Category Archives: Notes from the Work Bench

How Do I Restore a Conklin Crescent

We are by no means done with the Decameron 2020 Project. However, I felt like getting back to pens for a posting. If you’ve been mostly coming for the storytelling, who knows, maybe you’ll get a kick out of a deeper dive into old fountain pens.

Here is a Conklin Crescent 2NL fountain pen in need of restoration.

Let’s look at one of the oldest “self-filling” fountain pen filling systems. In the earliest days of fillable fountain pens, any pen with a bladder or ink sac was considered self-filling. Before that you had dips and eyedroppers. Conklin invented the crescent filler in 1898. For as cumbersome as it looks, it was an insanely simple design. The pen is hollow like an eyedropper, but there is a rubber ink sac affixed to the nipple of the section. A crescent is fitted to a flat steel bar, and when the safety ring is rotated into the proper position, the crescent can be depressed, flattening the rubber ink sac within. The rubber ink sac wants to re-inflate, which fills the sac with ink and pushes the crescent back out of the barrel. Way less messy than an eyedropper, it was an instant hit. Even the famed American author Mark Twain was hired to be an advertising spokesman for the pen.

Don’t soak a Conklin hard rubber pen for very long, as it will discolor the old hard rubber. Be sure to get the water over the end of the section and on to the barrel threads.

If you already read our “How Do I Re-Sac a Vintage Pen” article, this isn’t very different. However, most of these pens are made from black hard rubber more than 100 years ago, and they are very brittle. You want to make sure you are pretty comfortable with restoring plastic/celluloid pens first. These early Conklins are getting much older and harder to find, and they break much more easily.

As with before, you will need some ink sacs, a pair of spark-plug/section pliers, a long dental pick, sac shellac or rubber cement, scissors that can cut through rubber ink sacs, a jar or cup, clean water, polish, a cloth rag, paper towels, a hairdryer, a razor blade and an ultra-sonic cleaner.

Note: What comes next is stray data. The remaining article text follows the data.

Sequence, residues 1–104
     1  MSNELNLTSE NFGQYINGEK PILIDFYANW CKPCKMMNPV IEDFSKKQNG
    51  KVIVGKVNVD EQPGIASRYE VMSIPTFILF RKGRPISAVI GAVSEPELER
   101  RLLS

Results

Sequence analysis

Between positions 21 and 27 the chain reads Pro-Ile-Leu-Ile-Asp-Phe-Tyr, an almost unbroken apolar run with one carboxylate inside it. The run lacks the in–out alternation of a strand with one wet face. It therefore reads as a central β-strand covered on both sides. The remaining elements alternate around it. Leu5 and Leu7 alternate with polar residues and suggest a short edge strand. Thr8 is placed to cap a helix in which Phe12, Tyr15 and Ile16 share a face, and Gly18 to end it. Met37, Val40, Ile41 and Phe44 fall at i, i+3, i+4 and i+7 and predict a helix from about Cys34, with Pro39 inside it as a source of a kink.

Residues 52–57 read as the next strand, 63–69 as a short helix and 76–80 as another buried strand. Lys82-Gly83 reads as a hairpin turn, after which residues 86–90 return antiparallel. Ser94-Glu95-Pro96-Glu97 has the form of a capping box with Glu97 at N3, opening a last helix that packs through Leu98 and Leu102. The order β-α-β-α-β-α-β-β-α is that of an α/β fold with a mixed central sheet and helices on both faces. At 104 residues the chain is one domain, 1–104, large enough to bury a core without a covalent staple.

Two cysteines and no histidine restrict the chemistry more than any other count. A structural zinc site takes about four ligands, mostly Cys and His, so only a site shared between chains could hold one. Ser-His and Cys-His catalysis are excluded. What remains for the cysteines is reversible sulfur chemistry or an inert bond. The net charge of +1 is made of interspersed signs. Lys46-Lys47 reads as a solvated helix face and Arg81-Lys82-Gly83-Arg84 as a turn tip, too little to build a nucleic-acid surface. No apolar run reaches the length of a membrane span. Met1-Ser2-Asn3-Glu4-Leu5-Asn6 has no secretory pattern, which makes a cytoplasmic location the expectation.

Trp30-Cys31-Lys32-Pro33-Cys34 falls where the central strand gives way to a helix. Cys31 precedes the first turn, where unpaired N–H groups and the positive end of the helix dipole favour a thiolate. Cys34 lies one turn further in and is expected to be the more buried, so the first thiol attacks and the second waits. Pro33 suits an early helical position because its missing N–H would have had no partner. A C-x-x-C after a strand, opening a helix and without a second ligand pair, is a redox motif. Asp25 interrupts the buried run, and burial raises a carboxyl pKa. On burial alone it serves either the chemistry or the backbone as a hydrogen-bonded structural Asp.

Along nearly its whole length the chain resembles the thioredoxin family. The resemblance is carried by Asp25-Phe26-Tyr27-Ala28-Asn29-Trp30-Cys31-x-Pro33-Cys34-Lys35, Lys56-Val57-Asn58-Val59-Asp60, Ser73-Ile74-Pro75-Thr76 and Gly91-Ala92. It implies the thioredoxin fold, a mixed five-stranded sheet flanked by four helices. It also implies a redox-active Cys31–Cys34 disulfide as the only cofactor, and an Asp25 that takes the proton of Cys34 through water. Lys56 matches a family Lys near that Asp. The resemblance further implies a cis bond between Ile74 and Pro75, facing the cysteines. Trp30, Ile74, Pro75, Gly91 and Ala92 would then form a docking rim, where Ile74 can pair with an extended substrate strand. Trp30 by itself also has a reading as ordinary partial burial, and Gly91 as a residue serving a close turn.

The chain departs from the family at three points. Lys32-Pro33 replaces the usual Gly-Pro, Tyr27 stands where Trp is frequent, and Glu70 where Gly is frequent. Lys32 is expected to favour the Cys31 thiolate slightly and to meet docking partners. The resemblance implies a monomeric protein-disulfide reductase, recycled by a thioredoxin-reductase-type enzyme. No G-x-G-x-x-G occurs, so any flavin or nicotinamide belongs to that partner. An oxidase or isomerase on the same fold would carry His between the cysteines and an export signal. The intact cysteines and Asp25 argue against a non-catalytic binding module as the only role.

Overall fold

1. Always start by soaking the nib in room temperature water over the threads of the barrel. Now the trick with old hard rubber is that water discolors it quickly. A shiny black will quickly turn to a chocolate brown haze. Don’t soak it for long, just enough to start to leech out old ink and maybe lubricate the friction fit of the section into the barrel. I certainly wouldn’t soak it for more than an hour. I’d probably soak it for much shorter a time.
  2. Next, remove the nib and section from the water and dry them off.
  3. Warm them up just a little with the hair dryer or heat gun. You only want them to be warm to the touch. Heat will also discolor the hard rubber. Plus, it can melt it.
  4. Scrape the dead ink sac out of the barrel. Be sure to be especially careful shaving the ink sac remains off the section nipple.

    Using your section pliers, gently grip and twist the section counter clockwise in an unscrewing motion. Sometimes it takes nerves of steel, patience and experience to discern the difference between the old ink sac inside the pen cracking and the barrel of the pen cracking. If the barrel cracks, you’ve likely killed the pen and made it nothing more than a parts donor.

  5. Once you get the section to start coming out, gentle, small wiggles can work it out without further stressing it from twisting. Very small wiggles. You can easily break the barrel, especially when the section looks as if it is almost out of the barrel. The more the section wiggles, the more it can act as a lever to crack the barrel. Some people choose the give the nib and section a sonic cleaning and others don’t. The sonic action can destroy the part if there is a crack already starting in it. More than 30 seconds to a minute will start discoloring the rubber. However, I’ve also found that pens this old often are filled with sediment-based inks that need something special like a sonic cleaning to remove the caked-in old ink.
  6. After the section is out, the rest is fairly easy. Scrape out all of the old ink sac from inside the barrel and very gently shave off the remaining sac on the nipple. Your razor can easily cut the nipple or cave in a wall of the nipple. Go super slow and easy with only small motions.
  7. Polishing old hard rubber is difficult. You can wear away a lot of rubber very quickly, ruining imprints and chasing.

    With everything cleaned out and disassembled, that is when I like to polish the pen and parts. You cannot go as rough on century-old hard rubber as you can plastics. I like to use MAAS metal polish on a soft terry cloth rag. Mostly I just give a light going over of the pen and cap with the polish and rag because both strip away the top layers of the rubber and can remove chasing and other imprints. It also removes some of the chocolate hazing. Using a Q-tip, I also polish the nib and crescent.

  8. Reinstall the crescent filler and lock it in place with the safety ring.
  9. Dust the ink sac in talcum power to help preserve it.

    Size and trim an ink sac that isn’t too snug inside the barrel. If you don’t have the crescent filler with the bar reinstalled first, you won’t get the proper fit.

  10. Use orange shellac to attach the sac to the section nipple.
  11. Dust the sac in pure talcum powder
  12. Very gently and slowly reinstall the sac and section into the barrel. This is another high-risk move that can crack the barrel so take it easy. You might even want to warm-up the barrel a bit.

Wait 24 hours for the shellac to dry before filling the pen. Then you are ready to write.